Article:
It's probably not "fair" to listen to this album with reference to someone uninvolved in the recording process (although Everybody Knows That You're Insane shows that he was present in Josh Homme's head) but the absence of Nick Oliveri weaves itself through the winding desert badlands of Queens' fourth album.
In a way Lullabies serves to punctuate the bludgeoning completeness of Songs For The Deaf by acting as a document of some kind of deconstructed version of the band, because although Homme has always maintained that the band would have no fixed line up it was always assumed that at the centre of the revolving cast would be the most formidable pair in Rock music for over a decade.
For now though, it's better for all concerned to hear the album in whatever isolation you can find for it, and Homme's vision and abilities can be heard to be well intact. Burn The Witch and Someone's In The Wolf ride into a town populated mostly by garage rock wannabes and 80s post punk revivalists knowing that they were wrought by a rock songsmith with an uncommon understanding of the way the elements can be combined to visit raw gyrating power upon an audience and can kick the arse of anyone who gets in the way.
Burn The Witch is built on a stomping blues (along the lines of No One Knows but without that song’s tight focus) with a trademark Homme-psychedelic chorus and guitars courtesy of one Billy F (ZZ Top) Gibbons. Someone’s In The Wolf lulls you in with ambient spookiness before taking you from behind with a chugging kidney punch of a riff over which the ghoulish verse melody and lyrics warning of the perils of the night flow. The chorus (“So glad you could stay forever") holds you with the strength of 10 men and teeth sink in but you don’t want to fight it, you welcome the demons drunkenly. When it breaks down you hear knives, whispers and stalking spirit guitars (and what sounds like the buttering of toast !?!?). The chorus vocal comes back in quietly then BAM!!! The riff is right there behind you and gaining ground towards a rushing climax.
It all opens with This Lullaby and the indescribably magnificent voice of Mark Lannegan floating on a pretty sea shanty of a tune backed only by Homme’s acoustic guitar. Medication is next with the kind of one note riff Homme has employed before giving it that 80mph-in-a-pickup-on-a-desert-road feel. It’s probably the song which would fit most comfortably on Songs For The Deaf but while it has a fine melody it lacks a real slamming chorus so ends up feeling slightly underdeveloped.
Everybody Knows That You're Insane starts inauspiciously, like something off Chris Cornell's solo album but blows wide open around the 70 second mark with a chorus that lacks an original sounding melody or riff but in QOTSA's hands is an unstoppable behemoth. The second verse rolls like a desert thundercloud into the second chorus then the breathtaking breakdown/solo steams in like Muhammad Ali coming off the ropes in Zaire.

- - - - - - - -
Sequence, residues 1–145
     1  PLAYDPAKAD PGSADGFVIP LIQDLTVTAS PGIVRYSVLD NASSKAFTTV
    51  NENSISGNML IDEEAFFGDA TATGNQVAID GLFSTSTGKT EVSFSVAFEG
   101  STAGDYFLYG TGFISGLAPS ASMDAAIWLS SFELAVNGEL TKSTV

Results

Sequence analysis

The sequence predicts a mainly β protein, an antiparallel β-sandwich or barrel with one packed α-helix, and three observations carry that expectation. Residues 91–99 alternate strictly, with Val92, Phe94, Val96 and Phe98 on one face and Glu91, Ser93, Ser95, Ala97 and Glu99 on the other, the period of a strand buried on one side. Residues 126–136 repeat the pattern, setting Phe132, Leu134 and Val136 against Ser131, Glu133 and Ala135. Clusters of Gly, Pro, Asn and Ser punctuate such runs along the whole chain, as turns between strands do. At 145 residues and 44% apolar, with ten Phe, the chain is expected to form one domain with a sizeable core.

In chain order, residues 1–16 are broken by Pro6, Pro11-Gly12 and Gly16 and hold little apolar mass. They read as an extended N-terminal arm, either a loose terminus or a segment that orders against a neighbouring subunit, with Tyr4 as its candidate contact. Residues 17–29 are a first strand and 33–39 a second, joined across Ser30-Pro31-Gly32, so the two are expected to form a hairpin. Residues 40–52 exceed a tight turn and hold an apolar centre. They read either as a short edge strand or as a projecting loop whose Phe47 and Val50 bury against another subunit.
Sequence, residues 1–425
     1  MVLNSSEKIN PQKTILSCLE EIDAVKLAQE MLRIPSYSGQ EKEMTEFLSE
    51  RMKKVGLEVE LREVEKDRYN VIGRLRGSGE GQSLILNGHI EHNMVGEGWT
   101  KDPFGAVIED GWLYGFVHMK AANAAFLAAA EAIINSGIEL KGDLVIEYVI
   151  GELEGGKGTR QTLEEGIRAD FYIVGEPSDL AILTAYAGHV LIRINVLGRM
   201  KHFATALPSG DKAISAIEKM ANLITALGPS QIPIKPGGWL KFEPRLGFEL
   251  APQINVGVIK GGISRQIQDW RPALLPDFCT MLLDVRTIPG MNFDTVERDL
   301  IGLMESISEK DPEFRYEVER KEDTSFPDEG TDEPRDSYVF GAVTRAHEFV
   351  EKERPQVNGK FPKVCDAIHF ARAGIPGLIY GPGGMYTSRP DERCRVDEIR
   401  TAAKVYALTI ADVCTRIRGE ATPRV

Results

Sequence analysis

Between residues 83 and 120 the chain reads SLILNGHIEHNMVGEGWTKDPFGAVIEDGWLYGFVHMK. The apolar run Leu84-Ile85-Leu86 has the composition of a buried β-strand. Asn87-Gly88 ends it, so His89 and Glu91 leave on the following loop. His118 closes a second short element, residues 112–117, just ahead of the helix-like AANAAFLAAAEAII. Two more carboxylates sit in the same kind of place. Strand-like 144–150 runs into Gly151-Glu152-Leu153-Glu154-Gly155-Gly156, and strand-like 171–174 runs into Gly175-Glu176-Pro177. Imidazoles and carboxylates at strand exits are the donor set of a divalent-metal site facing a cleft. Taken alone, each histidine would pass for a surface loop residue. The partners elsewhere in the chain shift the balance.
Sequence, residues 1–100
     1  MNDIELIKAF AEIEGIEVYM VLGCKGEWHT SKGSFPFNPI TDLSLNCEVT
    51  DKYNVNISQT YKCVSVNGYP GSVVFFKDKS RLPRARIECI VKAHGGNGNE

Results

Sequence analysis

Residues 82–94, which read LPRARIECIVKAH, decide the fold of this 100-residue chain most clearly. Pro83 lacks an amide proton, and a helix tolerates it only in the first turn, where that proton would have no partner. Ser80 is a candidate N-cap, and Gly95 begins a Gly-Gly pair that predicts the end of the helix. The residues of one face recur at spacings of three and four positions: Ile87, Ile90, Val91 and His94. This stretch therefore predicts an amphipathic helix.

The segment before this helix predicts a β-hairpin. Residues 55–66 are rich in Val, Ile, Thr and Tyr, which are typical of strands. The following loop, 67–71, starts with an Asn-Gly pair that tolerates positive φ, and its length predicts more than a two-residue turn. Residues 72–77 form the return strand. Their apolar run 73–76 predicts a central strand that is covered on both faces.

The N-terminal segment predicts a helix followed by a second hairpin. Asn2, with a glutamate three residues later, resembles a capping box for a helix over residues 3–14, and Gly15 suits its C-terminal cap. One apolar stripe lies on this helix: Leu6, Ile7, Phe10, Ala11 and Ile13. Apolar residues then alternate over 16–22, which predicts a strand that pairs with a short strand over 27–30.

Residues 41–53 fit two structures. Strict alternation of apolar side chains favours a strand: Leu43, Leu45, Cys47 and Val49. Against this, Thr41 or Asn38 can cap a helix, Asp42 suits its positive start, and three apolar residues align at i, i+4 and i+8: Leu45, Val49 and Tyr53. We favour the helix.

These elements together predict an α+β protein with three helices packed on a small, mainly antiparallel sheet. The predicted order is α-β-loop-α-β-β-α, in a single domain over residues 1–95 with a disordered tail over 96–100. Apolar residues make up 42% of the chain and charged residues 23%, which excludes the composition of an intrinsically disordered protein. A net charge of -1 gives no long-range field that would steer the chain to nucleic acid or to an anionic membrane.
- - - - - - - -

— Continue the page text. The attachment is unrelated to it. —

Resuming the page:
Tangled Up In Plaid feels overweight, the loping first verse going 30 or 40 seconds too long and running out of momentum before the (strangely Foo Fighters guitar sounding) chorus kicks in and the solo and outro sections are uninspiring. In My Head is one of the weakest songs QOTSA ever put their name to, never getting off the deck and feeling sluggish and sick all the way through.
Luckily for us Little Sister follows and steams in, obliterating the previous song’s bloated carcase with toe-tapping cowbell and a textured verse riff and cowboy melody leading to a pumping full-speed-ahead chorus. It loses it’s way slightly through the breakdown, gradually pulling itself together for the finale. It’s not one of the greatest songs of all time but it is a tight traditional pop song and following Plaid it sounds like a work of genius.
I Never Came is pretty enough in parts but lacks enough substance to carry it for almost 5 minutes. The Blood Is Love waltzes on in and soon becomes victim to another undisciplined ramble that feels like an underdeveloped jam as does Skin On Skin. Broken Box saves the day somewhat, a nicely formed piece of hip-swinging Stone Age pop before You Got A Killer Scene There Man pushes open the swing doors and strides to the bar where it proceeds to get classily toasted.
Unfortunately Long Slow Goodbye lives up to its name, being too long and if not slow, then just plain ordinary. The “hidden" track 15 gets down and frisky Chris Isaac style and is a nice hazy way to finish a voyage which alternately carries you on glorious skies and makes you wade through the mud.
Ultimately it sounds like Josh Homme almost on autopilot, like a boxer who knows there’s no one else in his division who can touch him so he can go through the motions and still hold that belt aloft at the end of the fight without really extending himself or reaching deep down inside. It really serves to illuminate how much Oliveri influenced SFTD and Rated R in a far greater capacity than just as bass slinger and howler. While the darkness remains in copious quantities on Lullabies what’s missing is the lean menace and psychopathic malevolence of Oliveri’s spirit and when you go back and listen to Rated R and Songs For The Deaf you come to realise that his songwriting skills have been somewhat overshadowed by that devilish persona.
You get the feeling that Homme’s best work has been, and will be, created when his no-bull*** punk rock mate is around to tell him when a song is simply doing the business rather than ripping the business’ throat out like QOTSA have always done at their best. So in the context of rock’s class of 2005 it’s 4.5/5, but by QOTSA standards it has too many flaws, too many bland passages and weak riffs and melodies for something crafted by the reigning kings. Yes, they’re still the coolest band on the planet by miles but on this evidence it might have gone to their heads. – Bucho.